Nigeria's Pernicious Drivers of Ethno-Religious Conflict (Africa Security Brief, Number 14, July 2011)
KeywordsGovernment and Political Science
Sociology and Law
Full recordShow full item record
AbstractNigeria's statutory framework grants local officials the authority to extend or deny basic rights to citizens in their jurisdictions, thereby creating incentives for the politicization of ethnicity and escalating intercommunal violence. Ineffective state responses to repeated ethnic clashes have highlighted a lack of political will to address this violence. While currently concentrated in central Nigeria, the systemic drivers to identity conflict have the potential to spread elsewhere in the country and will require fundamental institutional reforms to resolve. The ethnic or religious dimensions of the conflict have been misconstrued as the primary driver of violence when, in fact, disenfranchisement, inequality, and other practical fears are the real root causes. Capitalizing on such conditions, many political rivals have instrumentalized the ethnic and religious diversity of Jos to manipulate and mobilize support. Each outbreak of violence worsens suspicions and renders communal reconciliation more difficult, deepening the cycle and further incentivizing polarization. The heads of the Christian Association of Nigeria and the Nigerian National Supreme Council for Islamic Affairs issued a joint statement in 2010 denouncing local politicians in Jos for exploiting communal tensions for personal gain. Entrenched institutional factors are at the heart of the accelerating distrust and violence in Plateau State. Left unchecked, this pattern is likely to expand to a growing number of Nigeria's 36 states. Fundamental changes will be required to reverse the incentives feeding this violence: Eliminate indigene/settler classifications in government decisionmaking; Strengthen, coordinate, and deconflict security institutions; Make protection of minority rights a priority; and Establish community-based, state-supported peacebuilding committees.
Copyright/LicenseApproved for public release; distribution is unlimited.
Showing items related by title, author, creator and subject.
Right to InformationTrapnell, Stephanie E.; Trapnell, Stephanie E. (World Bank, Washington, DC, 2015-08-20)This first round of eight case studies was completed in 2012. The case studies were prepared examining the experience of a number of countries that have passed Right to Information (RTI) legislation within the last 15 years: Albania, India, Mexico, Moldova, Peru, Romania, Uganda, and the United Kingdom. Each country case study assesses four dimensions critical to the effective implementation of RTI legislation as follows: 1. The scope of the information that the law covers, which determines whether an RTI law can serve as the instrument of more transparent and accountable governance as envisaged by its advocates. For example, a law that leaves too many categories of information out of its purview, that does not adequately apply to all agencies impacting public welfare or using public resources, or that potentially contradicts with other regulations, like secrecy laws, will not be effective. 2. Issues related to public sector capacity and incentives, additional key functions and demands within the public sector created by RTI, entities responsible for these functions, and various organizational models for fulfilling these functions. 3. Mechanisms for appeals and effective enforcement against the denial of information(whether it be an independent commission or the judiciary); the relative independence, capacity, and scope of powers of the appeals agency, and the ease of the appeals process; and the application of sanctions in the face of unwarranted or mute refusals, providing a credible environment. 4. The capacity of civil society and media groups to apply the law to promote transparency and to monitor the application of the law, and a regulatory and political environment that enables these groups to operate effectively. The in-depth research presented in these case studies was conducted to examine factors that promote the relative effectiveness of these four key dimensions when implementing RTI reforms, including institutional norms, political realities, and economic concerns. An analysis was conducted to determine which models have the potential to work in different contexts and what lessons can be drawn from these experiences to help countries currently in the process of setting up RTI regimes.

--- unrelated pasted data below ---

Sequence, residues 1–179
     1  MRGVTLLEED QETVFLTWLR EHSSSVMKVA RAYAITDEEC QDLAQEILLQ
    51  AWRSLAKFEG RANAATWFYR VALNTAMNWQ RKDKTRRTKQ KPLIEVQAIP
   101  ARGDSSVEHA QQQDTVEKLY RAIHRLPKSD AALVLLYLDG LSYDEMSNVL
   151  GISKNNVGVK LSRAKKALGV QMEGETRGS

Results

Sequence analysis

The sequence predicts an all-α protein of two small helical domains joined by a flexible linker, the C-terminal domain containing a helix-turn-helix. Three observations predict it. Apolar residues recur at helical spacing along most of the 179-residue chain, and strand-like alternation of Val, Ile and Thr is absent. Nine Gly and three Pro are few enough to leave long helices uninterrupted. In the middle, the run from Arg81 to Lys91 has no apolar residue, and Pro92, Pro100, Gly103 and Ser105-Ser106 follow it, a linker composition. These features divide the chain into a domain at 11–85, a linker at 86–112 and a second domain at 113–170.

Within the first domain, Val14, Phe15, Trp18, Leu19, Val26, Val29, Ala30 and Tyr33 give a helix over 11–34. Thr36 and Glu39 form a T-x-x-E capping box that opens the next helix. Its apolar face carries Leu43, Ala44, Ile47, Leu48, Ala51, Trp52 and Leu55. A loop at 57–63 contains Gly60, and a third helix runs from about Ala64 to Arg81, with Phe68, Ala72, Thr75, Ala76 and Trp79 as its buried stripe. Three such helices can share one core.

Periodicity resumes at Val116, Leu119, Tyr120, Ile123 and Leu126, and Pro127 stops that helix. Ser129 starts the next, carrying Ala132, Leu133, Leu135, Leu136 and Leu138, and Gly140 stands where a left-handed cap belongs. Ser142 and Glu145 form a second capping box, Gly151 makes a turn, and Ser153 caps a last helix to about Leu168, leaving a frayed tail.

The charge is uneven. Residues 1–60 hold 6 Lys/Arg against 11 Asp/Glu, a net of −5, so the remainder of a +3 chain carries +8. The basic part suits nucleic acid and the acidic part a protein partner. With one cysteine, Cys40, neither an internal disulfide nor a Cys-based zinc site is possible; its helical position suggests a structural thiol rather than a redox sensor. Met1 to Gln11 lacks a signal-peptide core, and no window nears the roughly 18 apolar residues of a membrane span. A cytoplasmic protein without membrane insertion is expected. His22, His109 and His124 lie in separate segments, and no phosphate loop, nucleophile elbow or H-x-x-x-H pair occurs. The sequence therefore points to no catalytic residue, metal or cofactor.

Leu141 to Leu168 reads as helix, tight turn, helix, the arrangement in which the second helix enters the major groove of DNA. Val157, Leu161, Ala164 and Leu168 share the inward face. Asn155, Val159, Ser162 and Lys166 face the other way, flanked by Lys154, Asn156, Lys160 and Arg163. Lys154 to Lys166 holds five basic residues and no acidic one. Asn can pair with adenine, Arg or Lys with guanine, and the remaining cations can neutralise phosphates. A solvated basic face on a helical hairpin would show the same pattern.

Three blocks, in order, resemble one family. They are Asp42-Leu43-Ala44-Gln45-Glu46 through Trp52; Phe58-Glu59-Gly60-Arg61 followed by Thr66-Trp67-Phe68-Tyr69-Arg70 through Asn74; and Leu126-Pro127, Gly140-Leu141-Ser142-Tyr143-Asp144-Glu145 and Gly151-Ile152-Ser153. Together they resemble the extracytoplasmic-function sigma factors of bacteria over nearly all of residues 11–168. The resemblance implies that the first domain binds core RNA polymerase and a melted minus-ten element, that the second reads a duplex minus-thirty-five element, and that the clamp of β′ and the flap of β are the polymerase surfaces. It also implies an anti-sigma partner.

Yemen Civil Society Organizations in Transition : A Mapping and Capacity Assessment of Development-Oriented Civil Society Organizations in Five GovernoratesWorld Bank (Washington, DC, 2013-06)Civil society in Yemen is vibrant and diverse but highly fragmented. It includes independent registered and organized civic groups, less organized local self-help organizations, and charity oriented groups. The first period, from 1950 to 1963, saw a growth in associational activity in the modern enclave of late colonial Aden and within the protectorates of the northern imamate amidst heavy immigration and modernization. A second stage of development took place in the late 1970s and 1980s with very little central control but exceptional affluence thanks to remittances from citizens employed in the Gulf. As the political transition in Yemen continues, there is renewed interest in engaging local Civil Society Organizations (CSOs) in the process of service delivery, decentralization, institution building and in encouraging inclusion and greater citizen participation. The Government has requested that the World Bank update its earlier work on CSOs in Yemen to map and to assess the capacities of present-day, development-oriented CSOs in five governorates. Nearly all of the CSOs that participated in this study were formally registered, non-governmental organizations that were generally independent of tribal or religious affiliation. There is an important opening in Yemen at present to encourage greater social accountability among CSOs and through CSO-Government partnerships. Social accountability includes a growing emphasis on beneficiary engagement in monitoring and assessing government performance as well as service providers, particularly in providing feedback on, and voicing demand for, improved service delivery. Based on this study's findings, it is recommended that the Government reform CSOs-related procedures, including registration, re-licensing, and decentralize avenues for CSO-ministry collaboration on service delivery and standards development to the governorate-level branches of the respective Ministries. Finally, it is recommended that training be made available for Yemeni journalists that cover the work of the country's civic sector or development issues in general.